A Costa Rican appeals court handed environmentalists a resounding victory Wednesday by ruling that a concession for a controversial open-pit gold mine at Las Crucitas, a small town in the country’s Northern Zone and near the border with Nicaragua, is invalid.
The court annulled the government mining concession previously granted to Industrias Infinito, S.A., a Costa Rican subsidiary of Infinito Gold, a Calgary, Canada-based mining exploration and development company.
The day after the ruling, Infinito Gold stock lost half its value, according to Nasdaq News.
The court ruled that environmental studies required to grant the mining concession were incomplete, and the mining contract was therefore illegal.
The court also annulled the public interest decree signed in 2008 by former Costa Rican President Oscar Arias that authorized the removal of 50 hectares of forest, including yellow almond trees, in order to build the mine. Cutting down yellow almond trees is prohibited in Costa Rica because they provide food for the endangered green macaw.
The current ruling stems from an appeal filed with the court by the environmental group The Wild Flora and Fauna Preservation Association. In July, the Costa Rican government announced it would not repeal the mining concession it had previously granted Industrias Infinito (TT, July 30).
The court also ordered the Public Ministry to undertake a criminal investigation of Arias and former Environment Minister Roberto Dobles for prevarication and for having signed off on a decree stating that the open-pit gold mine was in the public’s interest. The court found that since environmental studies were incomplete, Arias’ signing of the decree was illegal.
Officials from the Ministry of the Environ-ment, Energy and Telecommunications (MINAET) issued a statement on Thursday saying they would wait for an official notification of the verdict in order to “study it” before commenting. Judges are expected to issue the text of the ruling on Dec. 14.
The investigation also will include Sonia Espinoza, former director of the National Technical Secretariat of the Environment Ministry (SETENA). The court found evidence of official misconduct on the part of Espinoza, who allegedly signed the permits that allowed the company to deforest a large area where the mine was to be built.
Espinoza was subpoenaed to testify during the trial. Initially she failed to appear, and it took an escort from Judicial Investigation Police to bring her into the courtroom.
Judges also ordered investigations into several officials from MINAET and SETENA’s Geology and Mining department, who allegedly participated in the decision to officially declare the mine within the public interest.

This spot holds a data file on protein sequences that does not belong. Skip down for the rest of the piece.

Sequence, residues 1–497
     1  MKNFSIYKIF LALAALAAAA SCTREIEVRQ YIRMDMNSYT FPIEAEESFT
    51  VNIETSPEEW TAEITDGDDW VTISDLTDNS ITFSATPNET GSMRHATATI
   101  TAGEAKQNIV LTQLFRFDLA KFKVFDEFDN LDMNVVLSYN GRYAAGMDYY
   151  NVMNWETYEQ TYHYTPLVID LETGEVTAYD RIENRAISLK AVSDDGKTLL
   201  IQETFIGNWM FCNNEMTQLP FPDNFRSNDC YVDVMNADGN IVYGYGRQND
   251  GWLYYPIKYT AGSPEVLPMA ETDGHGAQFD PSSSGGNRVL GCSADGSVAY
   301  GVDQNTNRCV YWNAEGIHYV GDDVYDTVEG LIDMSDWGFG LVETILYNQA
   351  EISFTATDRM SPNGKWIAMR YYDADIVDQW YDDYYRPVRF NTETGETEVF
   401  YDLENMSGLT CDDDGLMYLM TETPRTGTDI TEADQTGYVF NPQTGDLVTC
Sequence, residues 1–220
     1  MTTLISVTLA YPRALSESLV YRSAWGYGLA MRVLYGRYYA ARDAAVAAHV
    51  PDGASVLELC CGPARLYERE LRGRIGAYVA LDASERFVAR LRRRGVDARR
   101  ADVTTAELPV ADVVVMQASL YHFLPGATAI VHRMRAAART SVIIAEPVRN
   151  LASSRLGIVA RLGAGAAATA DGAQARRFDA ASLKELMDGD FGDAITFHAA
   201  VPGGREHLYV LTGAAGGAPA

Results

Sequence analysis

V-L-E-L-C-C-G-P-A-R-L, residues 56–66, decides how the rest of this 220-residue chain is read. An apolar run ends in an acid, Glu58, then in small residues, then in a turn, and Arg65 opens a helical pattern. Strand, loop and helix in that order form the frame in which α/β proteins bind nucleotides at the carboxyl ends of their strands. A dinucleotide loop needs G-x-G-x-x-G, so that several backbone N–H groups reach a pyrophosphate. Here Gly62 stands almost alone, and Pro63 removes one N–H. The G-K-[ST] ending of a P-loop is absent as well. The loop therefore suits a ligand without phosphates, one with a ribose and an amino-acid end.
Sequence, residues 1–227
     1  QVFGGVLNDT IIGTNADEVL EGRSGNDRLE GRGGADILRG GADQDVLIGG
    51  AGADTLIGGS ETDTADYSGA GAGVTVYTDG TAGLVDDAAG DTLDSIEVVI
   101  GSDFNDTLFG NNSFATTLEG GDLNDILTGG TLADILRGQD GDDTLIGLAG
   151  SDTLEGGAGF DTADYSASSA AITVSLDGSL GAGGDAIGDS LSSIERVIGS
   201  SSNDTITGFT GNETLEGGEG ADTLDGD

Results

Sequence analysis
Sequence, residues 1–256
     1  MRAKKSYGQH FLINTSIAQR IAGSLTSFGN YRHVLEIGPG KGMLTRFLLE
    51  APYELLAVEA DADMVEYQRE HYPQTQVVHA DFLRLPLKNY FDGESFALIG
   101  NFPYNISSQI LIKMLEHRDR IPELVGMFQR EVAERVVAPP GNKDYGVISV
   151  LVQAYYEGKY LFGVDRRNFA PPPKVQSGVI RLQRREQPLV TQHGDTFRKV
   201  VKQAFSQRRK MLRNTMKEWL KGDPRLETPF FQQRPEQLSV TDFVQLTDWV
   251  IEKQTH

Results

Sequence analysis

In a further ruling, the court also ordered Industrias Infinito to pay environmental damages for destruction caused during years of sporadic construction at the site. According to the court ruling, mine workers removed 2,391 trees and cleared a total of 121 hectares of land. The company also took over 76 additional hectares of land that had previously been used by farmers to grow crops and raise livestock.
Finally, judges ordered the National System of Conservation Areas to earmark funds to “restore the environmental balance” of Las Crucitas. Funds for the recovery project will come from the Finance Ministry.
Apreflofas attorney Alvaro Sagót promised to “squeeze them for every last penny to pay for the environmental damages.”
Industrias Infinito’s representative, Juan Carlos Obando, left the courtroom without commenting. A vocal crowd of protestors awaited him outside the court building, and Obando needed a police escort to reach his car. The Tico Times attempted to call him on his cell phone, but Obando hung up on a Tico Times reporter and then did not answer his phone.
For nearly two decades, the Crucitas gold mine has been a thorny issue for Costa Rica, a country that prides itself on its record of environmental protection. Environmentalists say the massive gold mining project – already partially built – would destroy thousands of trees. Chemicals from the project, including cyanide, could also pollute the region’s groundwater supply, opponents say.
Edgardo Araya, attorney for the environmental groups, became choked up upon hearing the verdict.
“We have proven that we are right,” he said. “The state showed absolute rashness (and) a complete lack of care.”
In a statement, Carlos Coverdale, of the environmental group Preserve Planet, called the day “one of the happiest days of my professional life.”
“We’ve clearly demonstrated that the Crucitas Project is not viable. The whole country should be celebrating,” he said.
Indeed, after the verdict was made public at about 5 p.m. local time, cars honking their horns could be heard throughout downtown San José.
Industrias Infinito representatives had claimed the mine would create jobs in area where people are struggling. They also said it would generate $330 million in revenue for Costa Rica, and even claimed it was “an environmentally friendly project.”
The company claims it already invested $127 million in the project, Reuters reported. Lawyers for the company said they would appeal the ruling.
John Morgan, the company president, said in September the company had not ruled out seeking international arbitration, a move that in the past has had limited success for other companies in Costa Rica.